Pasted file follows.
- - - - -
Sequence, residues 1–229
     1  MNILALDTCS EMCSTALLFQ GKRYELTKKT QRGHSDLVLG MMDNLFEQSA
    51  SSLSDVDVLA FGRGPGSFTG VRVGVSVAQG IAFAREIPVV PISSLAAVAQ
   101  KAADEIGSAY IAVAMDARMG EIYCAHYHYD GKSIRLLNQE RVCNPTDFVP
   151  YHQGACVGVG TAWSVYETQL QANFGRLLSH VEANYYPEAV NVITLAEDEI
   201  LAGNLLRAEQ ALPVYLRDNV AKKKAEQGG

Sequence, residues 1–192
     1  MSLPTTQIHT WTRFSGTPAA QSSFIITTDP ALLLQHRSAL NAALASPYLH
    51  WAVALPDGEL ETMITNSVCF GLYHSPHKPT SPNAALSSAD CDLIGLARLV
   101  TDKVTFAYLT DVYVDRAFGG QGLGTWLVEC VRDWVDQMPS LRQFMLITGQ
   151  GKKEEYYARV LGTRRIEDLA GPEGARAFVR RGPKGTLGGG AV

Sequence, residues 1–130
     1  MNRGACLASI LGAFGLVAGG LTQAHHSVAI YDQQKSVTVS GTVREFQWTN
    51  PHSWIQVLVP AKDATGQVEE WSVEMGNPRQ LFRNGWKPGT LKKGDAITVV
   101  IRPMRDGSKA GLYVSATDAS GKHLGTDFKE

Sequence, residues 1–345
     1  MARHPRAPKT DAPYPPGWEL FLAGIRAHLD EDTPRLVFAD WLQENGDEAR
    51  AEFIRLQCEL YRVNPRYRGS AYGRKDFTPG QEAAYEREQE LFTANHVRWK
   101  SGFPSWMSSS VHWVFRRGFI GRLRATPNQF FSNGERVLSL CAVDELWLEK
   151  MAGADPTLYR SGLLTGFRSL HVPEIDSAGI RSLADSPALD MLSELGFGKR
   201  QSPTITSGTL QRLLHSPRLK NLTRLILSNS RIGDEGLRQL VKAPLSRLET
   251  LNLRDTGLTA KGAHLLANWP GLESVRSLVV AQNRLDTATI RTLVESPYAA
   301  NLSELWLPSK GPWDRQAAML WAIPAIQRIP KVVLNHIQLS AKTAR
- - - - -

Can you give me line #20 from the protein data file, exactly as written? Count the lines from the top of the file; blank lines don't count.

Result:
   151  MAGADPTLYR SGLLTGFRSL HVPEIDSAGI RSLADSPALD MLSELGFGKR